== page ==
Compulsory Acquisition of Land: The Desane case is overturned

Acquiring authorities can rest easy. The NSW Court of Appeal has overturned the decision of the Supreme Court of NSW in Desane Properties Pty Limited v State of New South Wales [2018] NSWSC 553.

The Supreme Court’s judgement attracted significant attention earlier this year when it upheld Desane’s challenge to the compulsory acquisition of its land by Road and Maritime Services (RMS).

Essentially, the Court found that the form of the Proposed Acquisition Notice (PAN) issued by RMS was ineffective for three reasons:

  • it did not comply with the Land Acquisition (Just Terms Compensation) Act 1991 (Just Terms Act) as it was not in the approved form
  • it failed to identify the public purpose of the acquisition
  • RMS was acting on an improper purpose which was unauthorised under the Roads Act 1993 (Roads Act).

However, the Court of Appeal has now reversed this decision and set aside the orders. Below we summarise the decision and provide a summary of the reasons.

Issue 1: Departure from the approved form

The Supreme Court initially found that the PAN’s non-compliance with the approved form was fatal because the Court considered that such a significant interference with private property rights was “no light matter” and accordingly, it was essential that the authority strictly comply with all statutory requirements including the wording set out in the approved form.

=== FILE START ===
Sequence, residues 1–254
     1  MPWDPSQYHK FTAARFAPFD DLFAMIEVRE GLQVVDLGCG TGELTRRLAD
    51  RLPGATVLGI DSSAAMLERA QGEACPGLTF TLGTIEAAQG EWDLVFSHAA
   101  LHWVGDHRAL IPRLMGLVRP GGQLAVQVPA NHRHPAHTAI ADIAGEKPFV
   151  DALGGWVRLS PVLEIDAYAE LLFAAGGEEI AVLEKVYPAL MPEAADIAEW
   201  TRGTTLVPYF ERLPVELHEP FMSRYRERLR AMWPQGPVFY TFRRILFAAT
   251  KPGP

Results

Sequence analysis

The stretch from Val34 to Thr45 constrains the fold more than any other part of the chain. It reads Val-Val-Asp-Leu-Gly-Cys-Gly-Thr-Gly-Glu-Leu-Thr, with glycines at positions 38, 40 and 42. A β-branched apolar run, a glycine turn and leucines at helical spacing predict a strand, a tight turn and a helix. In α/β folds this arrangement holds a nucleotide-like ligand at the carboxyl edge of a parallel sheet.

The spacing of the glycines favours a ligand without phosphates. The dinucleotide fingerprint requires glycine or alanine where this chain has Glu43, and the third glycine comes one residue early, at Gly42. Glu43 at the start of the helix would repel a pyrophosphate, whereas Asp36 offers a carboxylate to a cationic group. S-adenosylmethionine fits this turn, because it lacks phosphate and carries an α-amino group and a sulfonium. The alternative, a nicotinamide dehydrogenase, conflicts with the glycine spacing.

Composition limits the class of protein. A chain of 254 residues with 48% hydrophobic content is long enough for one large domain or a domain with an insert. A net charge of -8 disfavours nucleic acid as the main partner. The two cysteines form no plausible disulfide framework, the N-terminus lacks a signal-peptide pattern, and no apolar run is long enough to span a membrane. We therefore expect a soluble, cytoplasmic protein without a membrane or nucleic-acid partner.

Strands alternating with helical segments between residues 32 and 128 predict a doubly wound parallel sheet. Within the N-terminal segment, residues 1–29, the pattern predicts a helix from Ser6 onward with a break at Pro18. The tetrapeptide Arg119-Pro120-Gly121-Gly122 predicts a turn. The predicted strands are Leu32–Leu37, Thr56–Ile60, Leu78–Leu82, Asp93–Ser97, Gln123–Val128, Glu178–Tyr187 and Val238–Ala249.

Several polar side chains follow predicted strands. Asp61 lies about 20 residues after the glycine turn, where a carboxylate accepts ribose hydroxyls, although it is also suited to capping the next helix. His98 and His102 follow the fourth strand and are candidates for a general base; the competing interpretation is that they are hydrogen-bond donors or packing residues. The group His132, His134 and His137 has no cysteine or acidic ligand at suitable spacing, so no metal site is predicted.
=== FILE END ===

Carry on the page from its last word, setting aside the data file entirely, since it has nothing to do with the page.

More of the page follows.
The Court of Appeal took a different view. It approached the questions of invalidity on the basis of looking at whether the purpose of the Just Terms Act discloses that a breach would result in invalidity (Project Blue Sky).

The Court of Appeals view was that the Just Terms Act was designed merely to establish the procedural requirements for the acquisition of land, rather than as a protection of the private rights of landowners. To this extent, the purpose of the legislation could not be said to deem a non-compliant PAN as being entirely invalid.

The Court also noted that the deviation in form was not significant and that, in fact, in the context of section 80(1) of the Interpretation Act 1987, the PAN substantially complied with the approved form.

Further, the Court of Appeal also found that the fact that the Just Terms Act allowed for corrections to be made to a PAN for “obvious mistakes” was also indicative of a legislative intention that strict compliance with form was not required.

On those grounds, the departures from the approved form did not result in invalidity.

Issue 2: Failure to identify a public purpose

Initially, the Supreme Court found that a failure to specify the public purpose of the proposed acquisition rendered the PAN at odds with the objects of the statute. This is despite the fact that the Just Terms Act does not specifically require a clear statement as to the purpose.

In its decision the Court of Appeal noted that the previous Act, being the Public Works Act 1912, contained an express requirement for a stated purpose. The Court found that this amendment was significant because it demonstrates a deliberate intention to move away from this requirement.

The Court of Appeal also found that the 6 month negotiation period required in the Just Terms Act was sufficient to afford the landowner the opportunity to obtain more information. As such, a mere statement of purpose was no longer necessary in order to fulfil the objects of the Act.